And finally, the last chapter in my series about Apple Inc. (NASDAQ:AAPL)! In the first part, I introduced a reply to a famous Apple bear case by David Trainer and explained why I believe that Apple is not “just another computer company.” In the second part, I introduced 9 reasons to be bullish. And, as promised in the first article, in this final article, I will introduce the one and only one reason to be bearish, but strong enough to make me overall neutral about the stock.
And the reason is:
Android and market share in emerging economies
Let’s be clear. I’m not talking about U.S. market share here. As the following graph suggests, Apple Inc. (NASDAQ:AAPL) has done a superb job in the U.S. even after the release of the iPhone 5, by keeping both a 25% constant share and its traditionally high margins.
Briefly speaking, I believe that Apple needs to improve its competitive advantage in emerging markets, which are extremely price elastic when it comes to smartphones. For example, Apple Inc. (NASDAQ:AAPL)’s performance in China has been very disappointing if you compare it with the progress of Android. Like in the U.S., Apple has also managed to keep a constant proportion of the market, about 5%. But keeping a market share constant is not strategic, specifically in emerging markets.
These markets are under transition: heavy growth combined with a change in consumption patterns. By 2017, the size of most smartphone markets in emerging economies will double. The average amount of money spent per device will rise too as economic growth increases the average monthly income. The time to act is now, before these markets achieve their real potential.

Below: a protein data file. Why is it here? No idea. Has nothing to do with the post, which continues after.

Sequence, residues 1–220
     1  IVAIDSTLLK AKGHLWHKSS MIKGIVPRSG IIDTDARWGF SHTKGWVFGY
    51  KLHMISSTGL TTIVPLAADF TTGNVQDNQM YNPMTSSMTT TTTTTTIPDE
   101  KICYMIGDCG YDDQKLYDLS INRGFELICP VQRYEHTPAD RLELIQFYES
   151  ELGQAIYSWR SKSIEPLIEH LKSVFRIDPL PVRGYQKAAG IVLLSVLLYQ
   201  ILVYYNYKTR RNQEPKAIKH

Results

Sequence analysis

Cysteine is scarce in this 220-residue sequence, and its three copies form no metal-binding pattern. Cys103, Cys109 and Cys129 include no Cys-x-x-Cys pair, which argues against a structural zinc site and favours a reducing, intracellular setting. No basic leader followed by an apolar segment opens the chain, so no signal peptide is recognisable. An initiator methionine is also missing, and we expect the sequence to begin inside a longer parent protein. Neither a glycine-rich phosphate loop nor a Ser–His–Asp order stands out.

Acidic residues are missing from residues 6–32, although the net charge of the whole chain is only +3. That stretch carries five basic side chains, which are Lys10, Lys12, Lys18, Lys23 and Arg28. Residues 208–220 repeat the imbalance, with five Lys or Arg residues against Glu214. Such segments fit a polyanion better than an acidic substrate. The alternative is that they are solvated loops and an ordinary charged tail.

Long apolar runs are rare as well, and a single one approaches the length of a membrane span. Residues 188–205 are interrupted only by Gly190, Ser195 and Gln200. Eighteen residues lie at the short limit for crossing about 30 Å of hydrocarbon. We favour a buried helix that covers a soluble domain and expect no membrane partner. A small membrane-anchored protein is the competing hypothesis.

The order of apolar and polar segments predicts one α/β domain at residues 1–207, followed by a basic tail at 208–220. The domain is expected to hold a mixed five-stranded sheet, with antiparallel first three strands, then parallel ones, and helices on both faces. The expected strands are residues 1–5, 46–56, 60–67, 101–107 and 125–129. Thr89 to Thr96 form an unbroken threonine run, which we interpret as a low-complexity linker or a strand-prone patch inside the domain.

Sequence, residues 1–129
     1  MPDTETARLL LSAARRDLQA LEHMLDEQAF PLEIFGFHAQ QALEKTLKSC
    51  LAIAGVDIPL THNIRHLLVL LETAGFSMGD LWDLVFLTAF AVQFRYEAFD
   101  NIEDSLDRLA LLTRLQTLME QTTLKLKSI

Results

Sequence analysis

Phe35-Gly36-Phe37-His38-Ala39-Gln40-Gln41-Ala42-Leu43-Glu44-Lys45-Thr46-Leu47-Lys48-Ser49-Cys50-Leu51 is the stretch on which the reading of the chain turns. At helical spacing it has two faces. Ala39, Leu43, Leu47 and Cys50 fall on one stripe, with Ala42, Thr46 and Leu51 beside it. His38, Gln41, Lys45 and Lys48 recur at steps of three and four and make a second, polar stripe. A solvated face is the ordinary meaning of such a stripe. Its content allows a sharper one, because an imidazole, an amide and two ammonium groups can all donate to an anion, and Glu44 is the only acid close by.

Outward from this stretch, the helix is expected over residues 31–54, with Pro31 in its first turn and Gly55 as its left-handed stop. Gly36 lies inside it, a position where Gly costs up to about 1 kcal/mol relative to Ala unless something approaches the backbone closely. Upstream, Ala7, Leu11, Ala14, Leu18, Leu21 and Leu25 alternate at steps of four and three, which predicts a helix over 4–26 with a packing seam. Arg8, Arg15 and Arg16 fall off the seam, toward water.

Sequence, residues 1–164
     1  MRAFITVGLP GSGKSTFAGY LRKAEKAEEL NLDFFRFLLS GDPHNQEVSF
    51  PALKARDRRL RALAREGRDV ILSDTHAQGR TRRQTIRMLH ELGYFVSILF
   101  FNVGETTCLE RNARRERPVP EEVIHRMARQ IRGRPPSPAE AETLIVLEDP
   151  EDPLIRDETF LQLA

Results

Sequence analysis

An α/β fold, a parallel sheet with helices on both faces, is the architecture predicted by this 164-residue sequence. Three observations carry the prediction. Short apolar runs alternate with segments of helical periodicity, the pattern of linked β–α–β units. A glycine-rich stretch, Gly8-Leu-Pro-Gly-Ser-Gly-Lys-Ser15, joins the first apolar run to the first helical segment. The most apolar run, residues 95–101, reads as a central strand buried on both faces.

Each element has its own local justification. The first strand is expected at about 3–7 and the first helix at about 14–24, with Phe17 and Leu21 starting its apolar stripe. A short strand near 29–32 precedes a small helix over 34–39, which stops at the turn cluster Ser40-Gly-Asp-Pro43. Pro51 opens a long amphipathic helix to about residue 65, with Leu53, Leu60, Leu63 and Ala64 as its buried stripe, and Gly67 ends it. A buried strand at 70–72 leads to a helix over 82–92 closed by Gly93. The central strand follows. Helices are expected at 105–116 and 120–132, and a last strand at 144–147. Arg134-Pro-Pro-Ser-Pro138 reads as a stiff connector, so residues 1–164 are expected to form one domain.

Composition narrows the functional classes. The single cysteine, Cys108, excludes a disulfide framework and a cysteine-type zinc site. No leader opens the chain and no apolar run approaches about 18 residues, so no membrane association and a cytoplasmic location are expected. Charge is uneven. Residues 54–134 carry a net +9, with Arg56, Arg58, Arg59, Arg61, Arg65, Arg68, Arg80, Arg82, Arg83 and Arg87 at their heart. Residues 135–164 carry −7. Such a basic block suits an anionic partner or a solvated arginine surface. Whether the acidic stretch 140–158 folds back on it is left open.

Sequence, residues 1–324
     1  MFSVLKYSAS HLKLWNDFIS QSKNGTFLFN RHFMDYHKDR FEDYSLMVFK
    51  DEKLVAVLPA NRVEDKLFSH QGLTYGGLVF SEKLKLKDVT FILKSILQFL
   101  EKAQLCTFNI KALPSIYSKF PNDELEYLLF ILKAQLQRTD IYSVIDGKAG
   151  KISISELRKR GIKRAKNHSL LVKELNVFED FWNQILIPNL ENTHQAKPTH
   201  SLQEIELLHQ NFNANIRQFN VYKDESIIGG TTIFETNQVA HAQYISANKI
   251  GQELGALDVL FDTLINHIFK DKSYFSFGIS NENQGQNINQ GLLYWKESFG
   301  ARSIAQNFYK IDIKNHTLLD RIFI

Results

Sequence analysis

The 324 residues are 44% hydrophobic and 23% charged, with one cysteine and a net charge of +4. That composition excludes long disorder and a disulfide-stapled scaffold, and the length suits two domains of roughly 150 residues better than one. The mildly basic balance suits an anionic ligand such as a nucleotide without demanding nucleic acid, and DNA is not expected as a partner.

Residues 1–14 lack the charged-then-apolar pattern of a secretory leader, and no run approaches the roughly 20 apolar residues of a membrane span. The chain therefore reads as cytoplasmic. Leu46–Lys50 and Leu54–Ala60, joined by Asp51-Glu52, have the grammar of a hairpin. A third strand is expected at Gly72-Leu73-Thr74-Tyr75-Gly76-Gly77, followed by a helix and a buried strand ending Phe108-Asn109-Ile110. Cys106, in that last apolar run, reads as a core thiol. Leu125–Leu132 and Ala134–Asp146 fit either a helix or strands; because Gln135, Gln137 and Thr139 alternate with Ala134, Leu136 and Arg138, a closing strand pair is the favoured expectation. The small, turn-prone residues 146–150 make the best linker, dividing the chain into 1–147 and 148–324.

Some have criticized me saying that Apple is all about margins. I think that such opinions underestimate the real size and the prospects of these markets.
As I mentioned before, ABI Research estimates that by 2017, budget smartphones will equal half of all smartphone shipments. This size is simply too big to ignore. Not only ABI Research, but also Gartner expects the smartphone market to double from 2011 to 2014. The thing is that most of this growth will occur in emerging markets, where smartphone penetration rate is still low.
Furthermore, the $200-$300 price band is where most of the revenue is at. This price interval shows a healthy balance between margins and market share, and should be targeted in the near future, either by introducing comfortable payment plans in cooperation with big carriers or by launching a new “budget device,” a sort of iPhone mini.
The “iPhone 5 Failure” and other apparently unrelated worries
The iPhone 5 is the first iPhone sales growth failure. Remember the opening weekend sales back in September 2012? Apple Inc. (NASDAQ:AAPL) reported it sold about 5 million devices. Considering that most analysts estimated the number to be somewhere between 6 million and 9 million, it was very disappointing. Opening weekend sales grew 70% between the 3GS and the iPhone 4, 135% between the 4 and 4S, but only 25% between the 4S and the iPhone 5.